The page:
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A New Vision For Engineering Technology Programs To Strengthen Recruitment And Retention

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Conference

2008 Annual Conference & Exposition

Location

Pittsburgh, Pennsylvania

Publication Date

June 22, 2008

Start Date

June 22, 2008

End Date

June 25, 2008

ISSN

2153-5965

Conference Session

Recruitment & Retention in ET Programs

Tagged Division

Engineering Technology

Page Count

10

Page Numbers

13.75.1 - 13.75.10

Permanent URL

https://peer.asee.org/3255

Download Count

16

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Paper Authors

biography

Kenneth Dudeck Pennsylvania State Univ.-Hazleton Campus

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KENNETH DUDECK is an Associate Professor of Electrical Engineering at the Pennsylvania State University located in Hazleton PA. He has been teaching Electrical, Computer, and Electrical Technology Engineering Courses for the past 20 years. He is also a consultant for the Naval Air Warfare center in Patuxent River, MD.

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Wieslaw Grebski Pennsylvania State University

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WIESLAW GREBSKI is an Associate Professor of Mechanical Engineering at the Pennsylvania State University located in Hazleton PA. He has been teaching Mechanical and Mechanical Engineering Technology curses for the past 24 years. He also serves as the statewide 2MET Coordinator at Penn State.

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Abstract
NOTE: The first page of text has been automatically extracted and included below in lieu of an abstract

A New Vision for Engineering Technology Programs to Strengthen Recruitment and Retention

Abstract

Most engineering technology programs in the United States are struggling with low enrollments and difficulty in recruiting and retaining students. The declining enrollments are especially felt in two-year associate degree technology programs. Despite the claims from industry that it is increasingly difficult to find well qualified workers with technology backgrounds, recruitment still remains a struggle. Engineering programs on the other hand recruit well, but suffer from lower retention.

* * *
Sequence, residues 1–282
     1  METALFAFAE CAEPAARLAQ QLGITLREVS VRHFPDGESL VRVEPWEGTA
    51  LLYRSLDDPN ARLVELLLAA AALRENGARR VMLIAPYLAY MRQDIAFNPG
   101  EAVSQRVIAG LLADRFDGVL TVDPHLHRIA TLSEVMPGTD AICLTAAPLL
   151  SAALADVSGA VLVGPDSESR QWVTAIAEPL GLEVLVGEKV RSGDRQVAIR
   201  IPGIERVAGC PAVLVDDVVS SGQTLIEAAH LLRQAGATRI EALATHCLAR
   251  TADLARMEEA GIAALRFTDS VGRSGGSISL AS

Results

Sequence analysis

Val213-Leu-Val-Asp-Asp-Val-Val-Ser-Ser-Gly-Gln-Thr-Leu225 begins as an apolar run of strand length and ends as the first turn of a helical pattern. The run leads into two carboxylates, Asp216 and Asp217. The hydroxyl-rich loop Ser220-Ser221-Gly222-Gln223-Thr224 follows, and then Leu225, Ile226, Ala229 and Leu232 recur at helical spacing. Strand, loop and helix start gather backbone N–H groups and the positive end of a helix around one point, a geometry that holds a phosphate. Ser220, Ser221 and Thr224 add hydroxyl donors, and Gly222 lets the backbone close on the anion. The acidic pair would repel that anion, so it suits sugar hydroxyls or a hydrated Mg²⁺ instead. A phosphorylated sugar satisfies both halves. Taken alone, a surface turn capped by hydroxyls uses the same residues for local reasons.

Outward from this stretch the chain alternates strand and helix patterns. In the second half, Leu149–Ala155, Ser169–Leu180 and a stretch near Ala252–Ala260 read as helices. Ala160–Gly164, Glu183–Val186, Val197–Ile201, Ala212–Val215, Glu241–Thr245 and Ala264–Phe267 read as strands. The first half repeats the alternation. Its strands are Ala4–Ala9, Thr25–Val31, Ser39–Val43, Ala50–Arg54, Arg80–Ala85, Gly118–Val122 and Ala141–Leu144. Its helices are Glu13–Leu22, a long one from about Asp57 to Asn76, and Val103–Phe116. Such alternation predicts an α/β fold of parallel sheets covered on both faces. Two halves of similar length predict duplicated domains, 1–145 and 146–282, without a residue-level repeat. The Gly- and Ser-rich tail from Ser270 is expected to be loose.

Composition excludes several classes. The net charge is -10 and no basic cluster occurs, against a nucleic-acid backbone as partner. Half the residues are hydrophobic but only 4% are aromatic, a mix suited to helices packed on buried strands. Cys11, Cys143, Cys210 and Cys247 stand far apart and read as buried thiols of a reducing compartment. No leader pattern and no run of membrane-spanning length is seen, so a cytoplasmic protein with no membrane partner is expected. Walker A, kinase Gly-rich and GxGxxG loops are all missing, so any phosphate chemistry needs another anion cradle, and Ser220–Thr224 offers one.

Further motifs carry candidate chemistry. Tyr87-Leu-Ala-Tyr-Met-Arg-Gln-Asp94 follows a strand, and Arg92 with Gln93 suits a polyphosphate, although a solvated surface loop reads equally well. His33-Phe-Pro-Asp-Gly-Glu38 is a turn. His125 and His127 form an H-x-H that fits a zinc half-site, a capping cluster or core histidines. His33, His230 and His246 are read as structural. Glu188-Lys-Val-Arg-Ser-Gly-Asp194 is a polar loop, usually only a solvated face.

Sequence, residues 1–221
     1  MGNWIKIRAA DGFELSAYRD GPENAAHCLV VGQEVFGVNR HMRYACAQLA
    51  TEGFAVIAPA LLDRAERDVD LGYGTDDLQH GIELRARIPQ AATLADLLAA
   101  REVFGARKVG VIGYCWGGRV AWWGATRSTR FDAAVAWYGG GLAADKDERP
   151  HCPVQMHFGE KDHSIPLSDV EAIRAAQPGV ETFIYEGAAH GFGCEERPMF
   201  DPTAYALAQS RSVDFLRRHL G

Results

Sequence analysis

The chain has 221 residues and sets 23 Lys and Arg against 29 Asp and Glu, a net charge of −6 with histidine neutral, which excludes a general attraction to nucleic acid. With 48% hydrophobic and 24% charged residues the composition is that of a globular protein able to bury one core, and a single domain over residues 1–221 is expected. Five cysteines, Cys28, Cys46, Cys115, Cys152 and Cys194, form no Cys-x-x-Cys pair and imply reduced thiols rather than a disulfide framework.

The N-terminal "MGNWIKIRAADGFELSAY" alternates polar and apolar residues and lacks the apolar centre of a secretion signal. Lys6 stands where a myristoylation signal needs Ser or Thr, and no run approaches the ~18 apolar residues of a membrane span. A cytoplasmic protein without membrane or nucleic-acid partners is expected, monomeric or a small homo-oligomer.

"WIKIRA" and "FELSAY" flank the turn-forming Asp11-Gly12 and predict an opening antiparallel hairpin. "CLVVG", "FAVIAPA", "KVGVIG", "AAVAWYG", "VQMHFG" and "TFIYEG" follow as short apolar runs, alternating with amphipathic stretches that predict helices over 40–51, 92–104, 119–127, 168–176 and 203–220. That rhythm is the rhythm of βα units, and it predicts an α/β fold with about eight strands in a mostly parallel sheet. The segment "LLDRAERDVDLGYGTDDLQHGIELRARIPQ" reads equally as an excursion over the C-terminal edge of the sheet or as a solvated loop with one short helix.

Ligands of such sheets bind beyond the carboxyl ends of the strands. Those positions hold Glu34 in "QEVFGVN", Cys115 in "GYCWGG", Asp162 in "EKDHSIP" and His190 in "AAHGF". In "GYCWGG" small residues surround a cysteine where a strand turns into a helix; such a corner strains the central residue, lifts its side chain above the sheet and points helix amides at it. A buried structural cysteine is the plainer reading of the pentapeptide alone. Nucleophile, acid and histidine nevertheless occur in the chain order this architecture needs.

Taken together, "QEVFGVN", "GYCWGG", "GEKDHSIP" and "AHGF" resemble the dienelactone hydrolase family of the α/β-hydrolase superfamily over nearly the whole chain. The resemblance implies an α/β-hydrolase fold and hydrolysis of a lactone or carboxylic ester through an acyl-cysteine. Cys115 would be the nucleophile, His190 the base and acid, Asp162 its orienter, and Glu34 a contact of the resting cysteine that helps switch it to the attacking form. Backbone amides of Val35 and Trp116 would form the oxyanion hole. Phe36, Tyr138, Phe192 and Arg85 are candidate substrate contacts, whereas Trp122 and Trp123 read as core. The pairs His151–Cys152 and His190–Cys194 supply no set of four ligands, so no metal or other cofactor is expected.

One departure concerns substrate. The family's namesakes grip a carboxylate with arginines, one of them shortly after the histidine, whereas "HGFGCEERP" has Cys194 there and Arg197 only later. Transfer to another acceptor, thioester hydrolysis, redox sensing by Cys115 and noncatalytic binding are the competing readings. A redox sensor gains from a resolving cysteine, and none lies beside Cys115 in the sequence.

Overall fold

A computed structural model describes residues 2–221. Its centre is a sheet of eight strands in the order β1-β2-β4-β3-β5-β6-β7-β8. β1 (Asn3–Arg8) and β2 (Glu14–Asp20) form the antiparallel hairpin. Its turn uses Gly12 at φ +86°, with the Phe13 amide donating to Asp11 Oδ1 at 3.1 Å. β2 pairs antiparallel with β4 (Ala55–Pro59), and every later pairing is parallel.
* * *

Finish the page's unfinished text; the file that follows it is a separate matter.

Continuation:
This paper presents a plan for a major curricular change that is being implemented across the commonwealth at the Pennsylvania State University that will provide stronger matriculation pathways for both two-year technology and engineering transfer students into baccalaureate engineering technology programs. One of the features of this new curriculum is a common freshman year for the Electrical and Mechanical Engineering Technology programs. Another feature is the sophomore year where students elect to follow an associate degree track that is streamlined towards matriculation into a BSET degree or focus squarely on the two year degree, but concentrated in a specialization area identified by local industry.

Recognizing the Problems

Due to low enrollments and difficulty in recruiting students, many colleges and universities are eliminating their engineering technology programs because of high costs. However, high-tech manufacturing companies in the United States rely on graduates from engineering technology programs. The reluctance of students and the lack of encouragement from their parents to enter such programs, despite the demands of the workplace and career potential, have been well documented1. “Tech Prep” and other programs have sought to correct what has been seen by many as a simple problem of career awareness and curricular matching, but enrollments in engineering technology programs have not responded. At the same time, many undergraduates seek careers in engineering for which they are ill-prepared, while others avoid programs based on STEM altogether2. Also, many graduates of engineering technology programs need additional training in other fields to be useful to their employers3.

Statistics show that only 10% of high school graduates in the United States pursue either engineering or engineering technology careers, while 20% of German and Japanese students pursue such careers. A primary reason for this difference in career choice is the incomplete understanding both by students and their parents of career possibilities in technology-related disciplines and how those careers can be attained4. In 1995, only 6.7% of all US bachelor’s degrees awarded were in engineering. During that same year Japan and Germany had much greater percentages of engineering graduates, 19.3% and 19.7%, respectively5.

Dudeck, K., & Grebski, W. (2008, June), A New Vision For Engineering Technology Programs To Strengthen Recruitment And Retention Paper presented at 2008 Annual Conference & Exposition, Pittsburgh, Pennsylvania. https://peer.asee.org/3255

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